Angus Frank Johnstone Wilson (1913-1991) was a famous English novelist, and short story writer born in Bexhill, educated at Westminster School and Merton College, Oxford. During the war, he worked on decoding at Bletchley Park, returning in 1946 to the British Museum where he became deputy superintendent of the Reading Room, a post he resigned in 1955 to become a freelance writer. He is a satirist. He is perhaps the only genuine satirist, taking the word satire in the true sense of the term, i.e. using satire as a criticism of society related to positive moral standards. He is also out and out modern in the sense that he gives us a vivid and recognizable replica of some aspects of the society we live in. He is also the only storyteller after James Joyce who has the guts to handle intricate plots and a large cast of variegated background just as Dickens did with verve and enthusiasm.
His first two volumes, The Wrong Set (1949) and Such Darling Dodos (1950), were short stories and revealed an outstanding talent for satiric mimicry and sharp social observation. Along with a Dickensian relish for the macabre and farcical, these skills were also on display in his first novel, Hemlock and After (1952), about an attempt to establish a writers’ centre in a country house and Anglo-Saxon Attitudes (1956), whose plot revolves around an archaeological forgery reminiscent of the Piltdown case.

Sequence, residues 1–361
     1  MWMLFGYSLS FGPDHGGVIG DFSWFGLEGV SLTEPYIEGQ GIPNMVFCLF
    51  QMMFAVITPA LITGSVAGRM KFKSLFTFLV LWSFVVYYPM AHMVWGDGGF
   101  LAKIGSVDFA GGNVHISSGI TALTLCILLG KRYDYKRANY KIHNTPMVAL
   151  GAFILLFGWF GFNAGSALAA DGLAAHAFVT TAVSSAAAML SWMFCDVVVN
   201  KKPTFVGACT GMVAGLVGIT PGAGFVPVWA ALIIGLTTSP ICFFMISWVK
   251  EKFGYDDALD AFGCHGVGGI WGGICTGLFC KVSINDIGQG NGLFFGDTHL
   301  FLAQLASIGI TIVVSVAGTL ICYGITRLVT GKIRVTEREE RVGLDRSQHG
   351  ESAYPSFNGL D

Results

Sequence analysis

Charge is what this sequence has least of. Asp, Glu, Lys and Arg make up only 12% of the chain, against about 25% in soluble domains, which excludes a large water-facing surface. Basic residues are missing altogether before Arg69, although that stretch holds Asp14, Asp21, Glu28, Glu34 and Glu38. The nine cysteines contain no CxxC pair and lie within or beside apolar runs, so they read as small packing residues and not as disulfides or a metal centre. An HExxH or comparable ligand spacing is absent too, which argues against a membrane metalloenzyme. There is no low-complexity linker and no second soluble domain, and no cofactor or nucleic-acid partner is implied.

A further volume of sardonic stories, A Bit off the Map (1957), was followed by The Middle Age of Mrs Eliot (1958), a novel with deeper emotional dimensions, about the wife of an apparently wealthy barrister, who finds herself suddenly widowed in reduced circumstances. He was awarded the 1958 James Tait Black Memorial Prize for The Middle Age of Mrs Eliot and later received a knighthood for his services to literature. With The Old Men at the Zoo (1961), Wilson gave allegorical expression to his fascination with conflicts between the wild and the tame, the disciplined and the free. Late Call (1964) focuses with careful social and psychological naturalism on a retired woman obliged to live in a New Town with her widowed son. No Laughing Matter (1967), Wilson’s most ambitious and masterly novel, chronicles the fortunes of a large middle-class family, and, making brilliant use of parody and pastiche, opens up a vivid panorama of more than half a century of English cultural, political, social, and sexual life.
His picaresque novel As if by Magic (1973) juxtaposes the often bizarre experiences of a plant geneticist and his hippie god-daughter as they journey around Asia. More tightly constructed, Setting the World on Fire (1980) contrasts the characters and destinies of two brothers, one a theatre director in love with artistic daring, the other a lawyer dismayed by disorder and encroaching chaos. Wilson also wrote on Emile Zola (1952), Charles Dickens (1970), and Rudyard Kipling (1977), and explored his own creative processes in The Wild Garden (1963). He was President of the Royal Society of Literature from 1983 to 1988. A biography by Margaret Drabble was published in 1995.
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